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» Plant a Budget Garden

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My life is not always such that I can invest heavily in garden plans. So, like any frugal shopper I start early. really early, like January when there are sales everywhere. Or I shop for some supplies just before winter (again, a great time for good buys). Before shopping, however, it’s important to take stock in what you have, what you really need, and also have a “wish list” just in case you find that great treasure at a great price.

To save money on soil additives, composting is an ideal solution. It’s important, however, to check with your local building codes, many of which require specific composting containers and conditions to keep pests away. Composting won’t save money if you get hit with a fine so do your research. If you find you can compost then you can start saving nearly everything from fall leaves and grass to coffee, eggshells, human hair, salad bits starting to brown, etc. What a great way to recycle!

Next, onto seeds. The price of seeds, especially vegetable seeds, is very reasonable. If you start yours in left over egg cartons for seedlings, you’ll have plenty of plants for the full growing season. You may want to ask friends to participate in a seedling exchange with this in mind. Say you grow 30 some tomato plants, friend A grows 30 cucumber seedlings, family B grows 30 lettuce seedlings, etc. If you all exchange a few plants you’ll likely still have leftovers! Speaking of which, make sure you and your seed-exchange cooperative remember to save seeds at the end of the season too. Then you won’t have to buy new the next year.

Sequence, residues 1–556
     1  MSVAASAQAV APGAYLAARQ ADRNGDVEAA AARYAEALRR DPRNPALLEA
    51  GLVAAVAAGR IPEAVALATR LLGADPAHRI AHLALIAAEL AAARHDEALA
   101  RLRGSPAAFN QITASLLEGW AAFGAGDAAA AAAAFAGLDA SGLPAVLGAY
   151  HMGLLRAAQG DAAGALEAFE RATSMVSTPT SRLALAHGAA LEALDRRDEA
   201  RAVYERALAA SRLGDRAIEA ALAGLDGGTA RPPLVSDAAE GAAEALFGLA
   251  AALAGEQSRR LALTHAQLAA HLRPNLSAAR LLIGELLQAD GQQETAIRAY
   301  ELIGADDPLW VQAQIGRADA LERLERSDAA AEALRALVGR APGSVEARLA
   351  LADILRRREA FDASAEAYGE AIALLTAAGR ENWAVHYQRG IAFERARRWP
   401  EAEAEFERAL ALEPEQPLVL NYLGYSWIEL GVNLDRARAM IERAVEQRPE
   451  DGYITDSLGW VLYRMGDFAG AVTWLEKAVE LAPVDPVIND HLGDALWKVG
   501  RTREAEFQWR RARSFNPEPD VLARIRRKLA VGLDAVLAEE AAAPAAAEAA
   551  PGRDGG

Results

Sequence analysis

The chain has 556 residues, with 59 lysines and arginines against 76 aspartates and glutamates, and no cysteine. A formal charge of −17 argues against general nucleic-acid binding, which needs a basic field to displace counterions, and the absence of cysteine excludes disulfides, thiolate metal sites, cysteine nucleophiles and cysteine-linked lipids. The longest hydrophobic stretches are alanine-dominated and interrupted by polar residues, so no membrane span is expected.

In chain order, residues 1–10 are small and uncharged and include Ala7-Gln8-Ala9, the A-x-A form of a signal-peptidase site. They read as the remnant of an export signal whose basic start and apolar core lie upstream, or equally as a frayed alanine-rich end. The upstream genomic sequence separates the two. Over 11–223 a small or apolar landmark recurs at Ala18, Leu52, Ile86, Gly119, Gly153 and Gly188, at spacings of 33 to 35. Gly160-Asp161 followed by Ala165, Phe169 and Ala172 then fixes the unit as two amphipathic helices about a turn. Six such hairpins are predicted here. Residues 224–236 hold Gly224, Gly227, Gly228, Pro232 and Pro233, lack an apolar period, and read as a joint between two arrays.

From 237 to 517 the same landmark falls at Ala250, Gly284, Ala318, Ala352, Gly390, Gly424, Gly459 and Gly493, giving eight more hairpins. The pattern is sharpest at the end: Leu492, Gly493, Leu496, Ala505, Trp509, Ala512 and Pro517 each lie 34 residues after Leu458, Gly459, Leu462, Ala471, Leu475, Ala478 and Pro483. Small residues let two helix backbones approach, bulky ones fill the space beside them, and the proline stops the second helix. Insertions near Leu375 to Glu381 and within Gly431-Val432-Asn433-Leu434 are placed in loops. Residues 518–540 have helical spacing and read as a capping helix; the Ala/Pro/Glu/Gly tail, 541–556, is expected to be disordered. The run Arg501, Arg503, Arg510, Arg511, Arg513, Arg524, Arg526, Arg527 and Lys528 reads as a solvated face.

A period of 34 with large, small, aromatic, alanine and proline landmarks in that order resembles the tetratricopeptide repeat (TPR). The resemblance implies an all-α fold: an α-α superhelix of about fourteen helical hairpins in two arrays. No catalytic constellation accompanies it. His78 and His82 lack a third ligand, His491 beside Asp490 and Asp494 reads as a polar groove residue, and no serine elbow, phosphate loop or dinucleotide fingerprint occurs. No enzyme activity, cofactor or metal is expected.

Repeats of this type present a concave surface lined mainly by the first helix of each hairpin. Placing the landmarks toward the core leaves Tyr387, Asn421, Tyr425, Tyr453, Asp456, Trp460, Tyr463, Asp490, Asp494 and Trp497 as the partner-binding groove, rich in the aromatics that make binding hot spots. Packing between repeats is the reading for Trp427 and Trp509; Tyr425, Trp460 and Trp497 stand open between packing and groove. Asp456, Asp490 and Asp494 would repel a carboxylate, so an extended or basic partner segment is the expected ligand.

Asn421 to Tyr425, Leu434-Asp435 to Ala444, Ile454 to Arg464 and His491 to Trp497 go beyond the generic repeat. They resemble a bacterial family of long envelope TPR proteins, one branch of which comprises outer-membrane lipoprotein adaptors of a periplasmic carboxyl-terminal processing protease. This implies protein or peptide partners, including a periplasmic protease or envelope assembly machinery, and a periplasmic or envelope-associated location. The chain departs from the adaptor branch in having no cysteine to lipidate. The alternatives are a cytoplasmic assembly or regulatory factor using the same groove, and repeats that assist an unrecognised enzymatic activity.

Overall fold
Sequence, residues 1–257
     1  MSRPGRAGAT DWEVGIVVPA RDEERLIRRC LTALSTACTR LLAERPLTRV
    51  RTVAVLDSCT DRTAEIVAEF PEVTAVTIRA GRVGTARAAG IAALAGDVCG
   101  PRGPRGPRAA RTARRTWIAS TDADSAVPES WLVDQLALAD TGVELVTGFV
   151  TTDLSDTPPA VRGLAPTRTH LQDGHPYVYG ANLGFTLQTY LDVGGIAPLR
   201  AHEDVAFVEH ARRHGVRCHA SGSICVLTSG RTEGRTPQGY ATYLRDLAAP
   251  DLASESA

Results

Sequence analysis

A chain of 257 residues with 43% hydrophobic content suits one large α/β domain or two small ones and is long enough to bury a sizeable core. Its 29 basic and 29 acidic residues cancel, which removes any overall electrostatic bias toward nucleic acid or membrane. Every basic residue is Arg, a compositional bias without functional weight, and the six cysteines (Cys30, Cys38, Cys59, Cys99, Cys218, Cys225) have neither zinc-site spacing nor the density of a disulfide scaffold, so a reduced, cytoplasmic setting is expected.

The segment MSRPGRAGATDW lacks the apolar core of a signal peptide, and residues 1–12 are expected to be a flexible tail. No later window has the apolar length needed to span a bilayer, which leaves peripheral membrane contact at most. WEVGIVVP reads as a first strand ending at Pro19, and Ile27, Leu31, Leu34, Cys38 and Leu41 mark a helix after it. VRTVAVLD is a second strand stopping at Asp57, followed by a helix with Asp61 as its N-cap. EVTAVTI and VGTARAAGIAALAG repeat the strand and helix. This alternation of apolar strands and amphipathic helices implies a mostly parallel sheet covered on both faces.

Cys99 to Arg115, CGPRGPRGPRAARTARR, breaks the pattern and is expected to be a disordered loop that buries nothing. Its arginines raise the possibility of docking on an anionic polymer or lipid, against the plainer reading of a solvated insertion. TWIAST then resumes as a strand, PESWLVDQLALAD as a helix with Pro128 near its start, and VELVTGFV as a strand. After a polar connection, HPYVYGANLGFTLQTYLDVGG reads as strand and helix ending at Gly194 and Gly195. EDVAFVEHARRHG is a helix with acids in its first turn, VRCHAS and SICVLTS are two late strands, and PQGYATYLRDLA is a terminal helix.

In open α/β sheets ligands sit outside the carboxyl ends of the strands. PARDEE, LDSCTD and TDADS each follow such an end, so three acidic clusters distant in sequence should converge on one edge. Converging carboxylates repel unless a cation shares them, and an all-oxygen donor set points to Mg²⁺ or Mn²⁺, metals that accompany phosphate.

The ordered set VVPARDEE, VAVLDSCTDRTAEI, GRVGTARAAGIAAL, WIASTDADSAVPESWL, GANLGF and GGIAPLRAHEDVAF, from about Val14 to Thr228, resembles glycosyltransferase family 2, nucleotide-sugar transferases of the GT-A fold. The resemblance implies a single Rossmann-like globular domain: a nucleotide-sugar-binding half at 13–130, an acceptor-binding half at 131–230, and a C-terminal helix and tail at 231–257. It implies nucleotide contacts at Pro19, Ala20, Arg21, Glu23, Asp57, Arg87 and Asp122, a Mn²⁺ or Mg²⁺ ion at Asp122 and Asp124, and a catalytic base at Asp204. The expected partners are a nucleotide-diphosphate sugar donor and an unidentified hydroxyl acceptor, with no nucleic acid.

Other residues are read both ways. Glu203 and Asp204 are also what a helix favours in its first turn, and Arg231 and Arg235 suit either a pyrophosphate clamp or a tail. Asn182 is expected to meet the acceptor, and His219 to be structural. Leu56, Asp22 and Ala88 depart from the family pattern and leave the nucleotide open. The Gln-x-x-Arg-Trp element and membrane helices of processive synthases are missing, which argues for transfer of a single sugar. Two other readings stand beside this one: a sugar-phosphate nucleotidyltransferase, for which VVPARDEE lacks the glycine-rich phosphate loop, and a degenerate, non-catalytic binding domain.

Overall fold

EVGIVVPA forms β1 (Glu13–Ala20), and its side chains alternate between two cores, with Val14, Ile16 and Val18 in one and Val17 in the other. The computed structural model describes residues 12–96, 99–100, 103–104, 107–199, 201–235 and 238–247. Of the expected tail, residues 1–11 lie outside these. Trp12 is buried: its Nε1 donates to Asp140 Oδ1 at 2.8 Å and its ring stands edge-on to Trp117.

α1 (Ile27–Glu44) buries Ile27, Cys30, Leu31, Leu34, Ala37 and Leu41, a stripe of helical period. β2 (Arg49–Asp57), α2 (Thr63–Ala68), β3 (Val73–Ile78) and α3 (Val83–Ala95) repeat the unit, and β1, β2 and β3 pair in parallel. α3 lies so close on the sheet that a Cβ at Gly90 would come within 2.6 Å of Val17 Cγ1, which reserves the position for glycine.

The idea with seedling vegetables holds true with herbs, especially if you dry them. Get together with your exchange group to trade, and also to create wonderful organic blends for culinary efforts. Hey while you’re at it, exchange separated flower bulbs and extra annuals too. When you have several eyes watching for bargains, everyone benefits. Some neighborhoods even go so far as to have a spring exchange that’s also a party! It’s a great way to share excess while reconnecting with the people in your community.

Beyond this advice, always start out small with gardening. This hobby can quickly eat up time and budgets, especially when you’re new and enthusiastic. For example, having hand tools is very nice but they don’t have to be high-end names to be perfectly functional for several growing seasons. Look for something sturdy, and don’t depend on the price tag to indicate quality. There are several department stores that carry their own lines of items at reasonable prices, and back them with warrantees. This is where I recommend most people start shopping for their budget garden tools. If you want fancier stuff later, no problem! You won’t have blown your budget in the first season.


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